Douglas Pass

Fun little story/pics about a recent adventure I went on. It’s been awhile since I posted a story/pics- Enjoy and be grateful every day :slight_smile:

DOUGLAS PASS EPIC
Epic - mostly overused these days. Yesterday I set out to 1. get away from the snow for a day 2. get in a good climb #ihbcdurango 4 weeks away. Douglas Pass is located on the western slope of Colorado, and runs north to south. Known for its length, steepness, and solitude, not for its elevation. Summit is only ~8,300’, (2529 meters). Annie and Paco dropped me off with a planned meeting of 4 hours later. Dark thick clouds covered the horizon ahead, but like I’ve always said, “there’s no such thing as bad weather, just bad clothing” The sun was warming my backside as I began to pedal up the pass. I started approximately 14 miles from summit in sagebrush/Mormon tea/pinyon/juniper landscape. Strong headwinds made my ears buzz like I was in a jet engine; music didn’t help much to drown it out. An occasional oil/gas big rig would pass along with a few cars, otherwise the road was mine. Temperature was perfect for exercising, and when the precipitation did finally come; it was snow and not rain. So much for accomplishing #1 above. The road ahead began to disappear into the clouds as I pushed the 36er further up the mountain. I stopped to add a buff and a warm headband for what appeared like heavy snow to come. Perfect, the steepness of the road picked up about the time the snow intensity picked up. I was into it now; 5 miles to the summit. My body was warm, legs were spinning a smooth cadence, and my heart was beating a manageable rhythm. The mountain would fade in and out of the clouds. A 18% turn in the road had me gasping for what oxygen is available at this altitude. Legs could not turn the pedals over anymore, so I went into my other gear- walking. 3 steps later I remounted and continued up the steep mountain road. The weather was now the bigger challenge for me. Pushing hard around another 14% switchback I was barely able to see people in the snowstorm ahead. It was CDOT personnel working on clearing the mudslide across the road. I got off the unicycle to let them do their work with the large front end loader. Walked up to two of them sitting in their truck to ask how much further to the summit. I was very happy to hear only another mile and a half. The snow was starting to accumulate on the road and me, sunglasses were fogging up. I was still determined to summit this mountain pass, still had another layer of warmth in my camelback and plenty of liquids and calories. Rounding the final corner, the wind picked up and almost blew me off the edge. As hard as it was snowing, I would have been covered up in a snowdrift in no time. Smiling from ear to ear, snow covering me head to toe, the road white, I found a way to raise my arms and belt out a celebratory hell yeah! The CDOT crew appeared and put their heavy equipment away in the building on the summit; their day was over. Mine was only half over; I still had to ride down this mountain in what was now a full on blizzard. Took the obligatory summit pictures, thanked the spirits and people in my life who make these incredible experiences even possible and headed down the mountain. I was so ready for this, the only cold part on my body were my fingers. Gloves were at least keeping the snow off my skin. Made it down to the mudslide; the shale formation here is in constant movement and I could see it moving from the side of the mountain onto the road. Crazy. Down thru the switchbacks’, trying to manage to stay on the 36er as some of them were very steep and canted. Struggling, I managed to take pictures along the descent. By now, just about every vehicle has slowed to ask if I wanted a ride; “thank you but no I will make it.” How out of place and random I must have looked, most of the time people smile; they looked worried/concerned. Grateful for all of them to be so concerned and worried. I had a good idea that as I soon I got to a lower elevation that conditions would improve and I would be ok. Sure enough, once I got off the steepest part of the pass the skies brightened and were precipitating less. One of the vehicles, a truck with gooseneck trailer, was waiting for me at the bottom. A big THANK YOU, and thumbs up to the wonderful couple and we were both on our way. I must have had a bunch of snow on my helmet/visor, I would continue to get dripped on as I spun the uni down the lower slopes of the pass. All the snow had melted off of me by then. A favorite song then came on my ear bud, “Live the Life you Love, Love the Life you Live” as the CDOT crew passed me with their arms raised out the windows honking their horn. Yeah, I am a very lucky man living the life i love! I am honored to use the word EPIC for this adventure - up/down Douglas Pass.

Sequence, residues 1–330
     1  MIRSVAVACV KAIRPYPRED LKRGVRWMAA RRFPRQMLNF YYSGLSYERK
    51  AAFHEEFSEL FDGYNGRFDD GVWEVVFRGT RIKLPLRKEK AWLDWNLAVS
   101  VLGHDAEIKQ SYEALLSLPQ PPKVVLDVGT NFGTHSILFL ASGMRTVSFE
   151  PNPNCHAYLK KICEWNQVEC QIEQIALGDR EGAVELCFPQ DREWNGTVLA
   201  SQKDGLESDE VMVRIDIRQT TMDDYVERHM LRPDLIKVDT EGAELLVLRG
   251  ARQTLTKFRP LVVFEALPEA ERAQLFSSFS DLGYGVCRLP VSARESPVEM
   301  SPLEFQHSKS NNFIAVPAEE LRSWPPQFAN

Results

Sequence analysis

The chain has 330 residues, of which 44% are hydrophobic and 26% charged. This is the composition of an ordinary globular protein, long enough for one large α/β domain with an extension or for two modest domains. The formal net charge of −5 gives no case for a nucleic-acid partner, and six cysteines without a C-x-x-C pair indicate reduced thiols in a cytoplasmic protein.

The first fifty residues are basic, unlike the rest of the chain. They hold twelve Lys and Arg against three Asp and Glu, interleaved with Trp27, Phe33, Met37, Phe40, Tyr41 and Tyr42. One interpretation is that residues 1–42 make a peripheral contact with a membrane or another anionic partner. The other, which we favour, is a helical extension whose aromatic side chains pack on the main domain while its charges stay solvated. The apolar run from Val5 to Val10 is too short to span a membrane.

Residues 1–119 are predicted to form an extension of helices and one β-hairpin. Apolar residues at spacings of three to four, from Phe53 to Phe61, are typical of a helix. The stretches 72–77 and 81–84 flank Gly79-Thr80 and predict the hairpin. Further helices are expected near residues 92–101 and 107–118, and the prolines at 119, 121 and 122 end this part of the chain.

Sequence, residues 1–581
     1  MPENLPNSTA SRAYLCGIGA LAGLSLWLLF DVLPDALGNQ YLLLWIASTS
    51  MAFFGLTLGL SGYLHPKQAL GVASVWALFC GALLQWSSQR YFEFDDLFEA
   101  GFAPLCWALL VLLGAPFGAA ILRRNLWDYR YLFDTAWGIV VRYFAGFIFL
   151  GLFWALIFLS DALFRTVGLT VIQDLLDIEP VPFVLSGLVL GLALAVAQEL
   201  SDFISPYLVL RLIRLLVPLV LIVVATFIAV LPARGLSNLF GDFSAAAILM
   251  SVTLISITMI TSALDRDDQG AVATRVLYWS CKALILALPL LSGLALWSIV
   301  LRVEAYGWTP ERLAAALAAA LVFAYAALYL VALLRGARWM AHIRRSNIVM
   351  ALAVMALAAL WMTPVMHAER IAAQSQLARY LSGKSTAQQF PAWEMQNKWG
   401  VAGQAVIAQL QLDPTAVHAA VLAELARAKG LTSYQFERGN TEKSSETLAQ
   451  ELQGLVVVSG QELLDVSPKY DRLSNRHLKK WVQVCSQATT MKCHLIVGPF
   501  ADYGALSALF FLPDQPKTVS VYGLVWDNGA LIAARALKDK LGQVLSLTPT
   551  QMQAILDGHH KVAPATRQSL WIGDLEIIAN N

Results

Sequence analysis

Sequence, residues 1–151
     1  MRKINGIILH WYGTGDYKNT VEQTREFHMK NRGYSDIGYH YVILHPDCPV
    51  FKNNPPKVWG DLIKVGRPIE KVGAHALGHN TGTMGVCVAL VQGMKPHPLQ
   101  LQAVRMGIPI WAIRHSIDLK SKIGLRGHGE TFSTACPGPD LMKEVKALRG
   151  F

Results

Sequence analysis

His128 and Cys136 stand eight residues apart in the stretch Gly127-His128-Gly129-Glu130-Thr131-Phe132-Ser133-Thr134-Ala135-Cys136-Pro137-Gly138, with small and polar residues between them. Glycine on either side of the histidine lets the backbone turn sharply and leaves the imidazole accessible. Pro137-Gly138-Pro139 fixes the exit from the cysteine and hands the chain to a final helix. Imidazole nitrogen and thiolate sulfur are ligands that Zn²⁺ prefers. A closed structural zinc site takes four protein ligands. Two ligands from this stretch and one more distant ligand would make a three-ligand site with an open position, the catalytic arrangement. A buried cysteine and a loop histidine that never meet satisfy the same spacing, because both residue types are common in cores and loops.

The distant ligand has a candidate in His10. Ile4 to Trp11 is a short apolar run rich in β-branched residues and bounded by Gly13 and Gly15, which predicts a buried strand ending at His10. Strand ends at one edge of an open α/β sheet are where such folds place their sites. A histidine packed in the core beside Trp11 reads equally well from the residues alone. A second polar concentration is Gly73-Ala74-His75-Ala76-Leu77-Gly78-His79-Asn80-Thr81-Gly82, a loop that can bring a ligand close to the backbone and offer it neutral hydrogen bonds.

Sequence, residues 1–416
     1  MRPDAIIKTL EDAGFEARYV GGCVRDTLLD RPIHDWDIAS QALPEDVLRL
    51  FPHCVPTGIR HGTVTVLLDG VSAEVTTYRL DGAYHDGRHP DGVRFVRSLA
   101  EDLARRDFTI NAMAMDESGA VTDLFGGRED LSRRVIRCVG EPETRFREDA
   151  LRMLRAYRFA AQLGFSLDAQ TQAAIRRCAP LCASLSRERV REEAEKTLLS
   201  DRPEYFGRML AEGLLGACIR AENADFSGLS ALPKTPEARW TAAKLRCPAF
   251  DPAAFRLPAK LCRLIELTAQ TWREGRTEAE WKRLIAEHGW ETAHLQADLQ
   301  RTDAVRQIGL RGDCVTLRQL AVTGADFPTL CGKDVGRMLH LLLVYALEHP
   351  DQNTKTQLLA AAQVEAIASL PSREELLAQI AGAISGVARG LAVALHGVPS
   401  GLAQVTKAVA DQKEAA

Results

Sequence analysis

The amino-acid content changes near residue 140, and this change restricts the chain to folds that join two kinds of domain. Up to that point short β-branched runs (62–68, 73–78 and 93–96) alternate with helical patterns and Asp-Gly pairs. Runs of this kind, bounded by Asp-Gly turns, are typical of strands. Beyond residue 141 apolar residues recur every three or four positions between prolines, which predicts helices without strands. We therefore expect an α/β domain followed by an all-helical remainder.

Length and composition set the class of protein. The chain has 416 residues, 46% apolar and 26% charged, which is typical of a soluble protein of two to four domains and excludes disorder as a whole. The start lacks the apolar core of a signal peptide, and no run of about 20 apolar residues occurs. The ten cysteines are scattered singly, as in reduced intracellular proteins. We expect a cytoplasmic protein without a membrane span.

2800’ (853 meters) climb
8300’ (2529 meters) summit
28 miles out/back (45 km’s)
43F-28F (6 -2C) temps
top 4 miles (6km) 1300’ (396meter) climb 12%-15% sections

Wow, you are one crazy badass. And to think I was patting myself on the back for making it up a modest hill a couple hundred yards long.

Nice!

JM

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When Aspenmike uses the word “epic”, I read the whole thing. What a stud! While it’s just starting to get properly hot here in Sacramento, you’re out riding in a blizzard. :smiley:

Excellent. Post more often please!